A fish that is most commonly found in tropical waters has washed up in Cleethorpes.
The creature, thought to be a young Ocean Sunfish due to its colouring, is said to be about 45 to 60cm in size.
Jim Atkin made the discovery near the North Promenade, Cleethorpes, on Friday.
He shared pictures of the fish on the We Love Cleethorpes Facebook page, GrimsbyLive reports, writing: "A tad unusual considering."
Ocean Sunfish, otherwise known as Common Mola or Mola Mola, are native to tropical and temperate waters around the world and typically struggle to survive for prolonged periods in temperatures colder than around 10C.
They are one of the heaviest known boney fishes in the world, with adults typically weighing between 240 and 1,000kgs.
This fish, however, is thought to be young as it is silvery in colour.
Adults are usually grey above with silvery grey to brown on the side. They are typically paler in colour on their belly, with spots and mottling.
Members of We Love Cleethorpes have been questioning how the fish found its way to Cleethorpes, with Jim suggesting: "It may have got caught in the tidal cross current via the gulf stream."
Another member said: "Very strange how it has got here as they are a tropical fish and need warm waters and hot sun to survive.
"Clearly none of that here.
"Unless it has been thrown over by a boat and dumped."
However, another member has questioned whether it could have been an exotic pet which has been abandoned by its owners.
They said: "Just a thought – might these be 'exotic pets' that have become too expensive or too big to be kept?"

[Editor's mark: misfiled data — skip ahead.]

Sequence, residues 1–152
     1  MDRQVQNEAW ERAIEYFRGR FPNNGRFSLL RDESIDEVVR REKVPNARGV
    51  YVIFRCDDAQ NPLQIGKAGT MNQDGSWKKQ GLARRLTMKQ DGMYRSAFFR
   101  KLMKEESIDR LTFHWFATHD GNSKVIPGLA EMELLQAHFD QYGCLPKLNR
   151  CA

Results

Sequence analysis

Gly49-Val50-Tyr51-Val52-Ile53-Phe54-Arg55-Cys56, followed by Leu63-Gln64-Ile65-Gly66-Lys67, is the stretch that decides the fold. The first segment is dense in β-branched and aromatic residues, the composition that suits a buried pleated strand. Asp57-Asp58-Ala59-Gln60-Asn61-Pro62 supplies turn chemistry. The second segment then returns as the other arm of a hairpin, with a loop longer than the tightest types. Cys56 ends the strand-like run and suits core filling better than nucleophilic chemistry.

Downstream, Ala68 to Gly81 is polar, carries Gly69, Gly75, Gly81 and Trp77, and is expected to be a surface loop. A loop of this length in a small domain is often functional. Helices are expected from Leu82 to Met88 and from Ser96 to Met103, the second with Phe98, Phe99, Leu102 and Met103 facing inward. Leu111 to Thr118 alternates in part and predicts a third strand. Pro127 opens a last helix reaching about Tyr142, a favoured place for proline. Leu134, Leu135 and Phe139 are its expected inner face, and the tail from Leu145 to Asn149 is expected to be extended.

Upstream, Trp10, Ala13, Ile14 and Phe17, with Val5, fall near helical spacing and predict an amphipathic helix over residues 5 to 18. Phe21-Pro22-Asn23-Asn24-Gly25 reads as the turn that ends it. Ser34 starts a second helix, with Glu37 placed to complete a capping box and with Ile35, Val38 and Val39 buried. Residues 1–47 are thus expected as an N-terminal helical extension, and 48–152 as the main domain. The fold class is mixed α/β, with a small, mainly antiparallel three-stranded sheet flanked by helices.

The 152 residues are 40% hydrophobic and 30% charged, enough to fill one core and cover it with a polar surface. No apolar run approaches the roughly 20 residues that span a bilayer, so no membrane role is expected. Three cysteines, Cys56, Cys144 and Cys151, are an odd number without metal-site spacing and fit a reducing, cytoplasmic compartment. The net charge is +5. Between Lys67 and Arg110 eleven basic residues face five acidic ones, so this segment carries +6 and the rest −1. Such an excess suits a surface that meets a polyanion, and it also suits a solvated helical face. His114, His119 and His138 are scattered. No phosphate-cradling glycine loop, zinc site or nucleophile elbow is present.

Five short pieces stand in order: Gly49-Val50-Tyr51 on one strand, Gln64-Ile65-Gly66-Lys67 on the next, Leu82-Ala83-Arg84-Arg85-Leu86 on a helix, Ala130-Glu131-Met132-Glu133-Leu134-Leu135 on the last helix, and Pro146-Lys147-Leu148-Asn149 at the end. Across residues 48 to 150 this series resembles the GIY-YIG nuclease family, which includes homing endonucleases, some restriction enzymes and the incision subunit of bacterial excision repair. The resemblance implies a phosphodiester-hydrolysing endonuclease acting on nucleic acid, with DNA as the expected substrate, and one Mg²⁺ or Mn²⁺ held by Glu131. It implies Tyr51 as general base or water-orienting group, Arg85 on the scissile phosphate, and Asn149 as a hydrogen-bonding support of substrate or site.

It is not the first time the species has been seen in British waters, with British Sea Fishing saying it "appears to be getting more common around the south of England in the summer months due to warming sea temperatures" though they are observed "on an intermittent basis" all around the country and have been caught in our seas for decades, albeit rarely.
This discovery comes one week after an Octopus made Cleethorpes its temporary home.
The curled octopus – nicknamed Curly the Kraken – took up residence along the North Promenade– but beach managers have been urging people to leave it alone.
Speaking last week, resort manager Scott Snowden said: "It is quite a rarity to have one on our doorstep.
"We would urge people to respect nature and let it enjoy its natural habitat.
"Unfortunately we have had dogs trying to disturb it and my big worry is the number of people gathering to have a look."
He added: "We all have a duty to keep a social distance and that includes from the octopus.
"There have been some quite large groups and we cannot have that in order to prevent the spread of coronavirus.
"The responsible thing to do is to leave it to its natural ways."
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